Brainerd wants back in the loop as center of Lakes Area
BRAINERD -- It used to be that on busy summer weekends here, a line of cars and campers stretched for miles, clogging downtown streets in a city known as a vacation hot spot. Sometimes, traffic was so heavy that it took 40 minutes for motorists t...
BRAINERD - It used to be that on busy summer weekends here, a line of cars and campers stretched for miles, clogging downtown streets in a city known as a vacation hot spot. Sometimes, traffic was so heavy that it took 40 minutes for motorists to crawl past 50 neighborhood streets and through nine traffic signals.
But these days, most of the cars and campers run past Brainerd’s border to the west, where a constant flurry of vehicles - many driven by tourists toting kayaks and bicycles - stops to stock up on vacation supplies in the neighboring city of Baxter.
It’s known as the Brainerd Lakes Area - not the Baxter Lakes Area. But ever since the Highway 371 bypass opened in Baxter in August 2000, giving tourists and cabin-goers an alternative to the stoplight-filled route through Brainerd, this city of 13,600 residents has struggled to lure people and businesses back.
“We pretty much lost the tourism industry in our city,” Brainerd City Planner Mark Ostgarden said. “We’ve got that great brand, you know. We want people to come to Brainerd.”
The wide and speedy bypass, lined with big-box stores, chain restaurants and hotels, is easy to blame for diverting weekend traffic from downtown Brainerd.
But some civic leaders contend existing businesses in Brainerd haven’t done enough to market themselves and keep up with the times.
Critics, meanwhile, say city leaders should worry less about vacationers and national chains and focus more on providing residents better trails, parks and sidewalks.
“If you just make the neighborhood a little bit nicer, more people will want to live there, more people will want to invest. The property values will go up. You will get your money back,” said Charles Marohn, a former area municipal engineer who started a nonprofit called Strong Towns and is moving his family to Brainerd this summer. “It’s very frustrating. It’s a beautiful city. It doesn’t need to be this way.”
Brainerd has lost more than just tourist traffic.
When national retailers inquire about moving to the area, Ostgarden said, they want space near the bypass. Costco, Wal-Mart and J.C. Penney have staked out spots along the highway in recent years.
“We have been trying to develop a plan to address the changing traffic patterns and how we’re going to remain the important city that we are in the region,” Ostgarden said.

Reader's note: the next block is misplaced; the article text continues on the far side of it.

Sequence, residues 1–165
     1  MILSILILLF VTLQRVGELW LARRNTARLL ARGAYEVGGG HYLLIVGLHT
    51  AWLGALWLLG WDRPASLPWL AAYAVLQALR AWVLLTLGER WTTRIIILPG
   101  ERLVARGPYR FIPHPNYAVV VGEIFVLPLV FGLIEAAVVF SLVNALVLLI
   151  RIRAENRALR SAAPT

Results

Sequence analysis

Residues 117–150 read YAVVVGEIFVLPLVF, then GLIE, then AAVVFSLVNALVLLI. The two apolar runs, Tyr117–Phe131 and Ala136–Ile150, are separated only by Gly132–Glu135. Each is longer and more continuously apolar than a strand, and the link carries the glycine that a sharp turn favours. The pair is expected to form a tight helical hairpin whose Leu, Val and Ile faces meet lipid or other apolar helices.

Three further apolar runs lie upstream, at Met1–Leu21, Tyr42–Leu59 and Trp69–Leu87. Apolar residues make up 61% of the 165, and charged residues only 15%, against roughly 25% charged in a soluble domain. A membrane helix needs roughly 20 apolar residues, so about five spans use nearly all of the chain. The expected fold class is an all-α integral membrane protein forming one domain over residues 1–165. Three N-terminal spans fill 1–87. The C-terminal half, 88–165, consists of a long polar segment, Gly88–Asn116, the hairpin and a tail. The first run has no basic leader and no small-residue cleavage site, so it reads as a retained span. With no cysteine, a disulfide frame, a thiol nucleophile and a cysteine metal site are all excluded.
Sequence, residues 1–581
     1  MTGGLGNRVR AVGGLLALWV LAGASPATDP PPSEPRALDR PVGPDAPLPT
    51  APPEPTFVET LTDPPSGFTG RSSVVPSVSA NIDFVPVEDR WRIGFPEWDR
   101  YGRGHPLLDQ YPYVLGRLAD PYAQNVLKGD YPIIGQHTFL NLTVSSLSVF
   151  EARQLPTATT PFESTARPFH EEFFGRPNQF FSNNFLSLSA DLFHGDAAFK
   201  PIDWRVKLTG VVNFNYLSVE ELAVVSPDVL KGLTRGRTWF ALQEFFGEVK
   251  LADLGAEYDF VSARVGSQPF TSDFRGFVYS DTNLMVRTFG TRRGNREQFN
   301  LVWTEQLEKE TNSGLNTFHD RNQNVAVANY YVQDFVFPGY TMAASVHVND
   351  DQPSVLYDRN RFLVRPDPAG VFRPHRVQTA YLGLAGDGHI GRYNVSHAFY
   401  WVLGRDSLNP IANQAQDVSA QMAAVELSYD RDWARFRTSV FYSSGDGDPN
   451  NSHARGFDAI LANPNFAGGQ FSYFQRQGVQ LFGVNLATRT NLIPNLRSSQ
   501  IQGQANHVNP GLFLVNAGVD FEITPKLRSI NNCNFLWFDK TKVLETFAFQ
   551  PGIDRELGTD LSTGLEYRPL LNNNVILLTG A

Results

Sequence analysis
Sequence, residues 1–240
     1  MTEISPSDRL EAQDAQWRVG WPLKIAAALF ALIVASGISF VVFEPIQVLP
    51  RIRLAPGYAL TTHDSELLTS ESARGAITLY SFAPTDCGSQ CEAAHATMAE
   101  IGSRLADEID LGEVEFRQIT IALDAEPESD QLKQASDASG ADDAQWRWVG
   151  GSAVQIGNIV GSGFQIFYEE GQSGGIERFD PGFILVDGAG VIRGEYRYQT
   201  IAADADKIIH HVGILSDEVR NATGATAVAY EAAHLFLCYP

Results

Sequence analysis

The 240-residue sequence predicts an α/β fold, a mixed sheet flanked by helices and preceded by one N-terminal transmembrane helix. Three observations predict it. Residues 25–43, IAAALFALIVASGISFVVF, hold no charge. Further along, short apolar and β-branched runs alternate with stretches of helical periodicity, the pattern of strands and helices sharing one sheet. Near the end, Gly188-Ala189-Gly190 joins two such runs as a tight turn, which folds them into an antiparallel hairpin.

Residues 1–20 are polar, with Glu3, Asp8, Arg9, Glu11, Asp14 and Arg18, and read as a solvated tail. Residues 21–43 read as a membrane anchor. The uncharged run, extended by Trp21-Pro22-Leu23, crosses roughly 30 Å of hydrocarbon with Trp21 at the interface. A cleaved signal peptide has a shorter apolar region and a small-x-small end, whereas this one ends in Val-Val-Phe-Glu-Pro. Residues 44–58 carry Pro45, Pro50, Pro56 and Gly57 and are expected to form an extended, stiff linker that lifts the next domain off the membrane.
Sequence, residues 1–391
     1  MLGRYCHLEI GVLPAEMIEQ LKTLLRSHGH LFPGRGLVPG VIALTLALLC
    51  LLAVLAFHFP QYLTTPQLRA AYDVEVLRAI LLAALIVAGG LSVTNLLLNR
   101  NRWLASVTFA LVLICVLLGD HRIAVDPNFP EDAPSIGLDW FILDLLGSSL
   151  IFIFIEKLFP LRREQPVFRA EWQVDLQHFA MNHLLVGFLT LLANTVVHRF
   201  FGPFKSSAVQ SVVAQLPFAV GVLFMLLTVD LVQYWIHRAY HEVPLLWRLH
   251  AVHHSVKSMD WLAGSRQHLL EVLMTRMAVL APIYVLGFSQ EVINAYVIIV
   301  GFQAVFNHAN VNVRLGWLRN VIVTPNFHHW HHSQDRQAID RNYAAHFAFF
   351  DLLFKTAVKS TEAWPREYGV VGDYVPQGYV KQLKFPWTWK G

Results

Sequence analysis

A drive on Brainerd’s main thoroughfare, South Sixth Street, also known as “Business 371,” is a stark contrast to the gleaming bustle of the bypass.
Among the first sights is an empty old hotel with a pool and restaurant, weeds growing on its tennis courts. Not far away sits a used-car lot. Nearby, a cement-block yard.
Average daily traffic on that road fell from a high of 19,000 vehicles in 2000 to a high of 11,600 in 2013, a nearly 40 percent decline. Meanwhile, nearly 20,400 vehicles a day, on average, took the bypass in 2013.
The Brainerd Housing and Redevelopment Authority is trying to figure out how to lure people back to visit and live. Executive Director Jennifer Bergman says it’s a matter of making downtown more attractive, more of a destination.
Nisswa, about 15 miles up the road, draws people with trendy shops, she pointed out. Streets there teemed with families watching turtle races and vacationers browsing for gifts, clothes and trinkets on a recent afternoon. Fifteen miles in a different direction, the town of Crosby draws visitors by promoting antiques.
While empty storefronts are abundant in downtown Brainerd, some businesses are humming along: a jewelry store, a couple of restaurants, a few bars. Visitors also will find a chocolate shop, a few antique stores and gift shops.
Bergman said downtown already has a lot of great businesses. “I could go on and on about the stores (in Brainerd), but nobody knows about them,” she said.
The Housing and Redevelopment Authority’s top priority is redevelopment, she said. The city recently won a $715,000 community development grant from the state to improve downtown business facades and refurbish about 17 rental apartments.
Improving the look of downtown, including installing brick sidewalks and redoing landscaping, has helped, but beyond that it’s “marketing, marketing, marketing,” Bergman said.
City leaders also are exploring plans to redevelop Brainerd’s Mississippi Riverfront, Ostgarden said.
Mayor Ed Menk, who has owned E.L. Menk Jewelers for 37 years, doesn’t blame the bypass for downtown’s decline. Taking the heavy traffic off the local streets made it easier for people to reach his store, he said. Brainerd’s downtown is struggling like any other town its size, he added, as consumers take their business to big-box stores.
Wal-Mart, Target and Mills Fleet Farm set up shop in Baxter before the bypass came, Menk pointed out, saying he believes that’s where the big commercial businesses would have gone anyway because they needed vast open land.
Now, he says, it’s partly up to Brainerd business owners to better market themselves.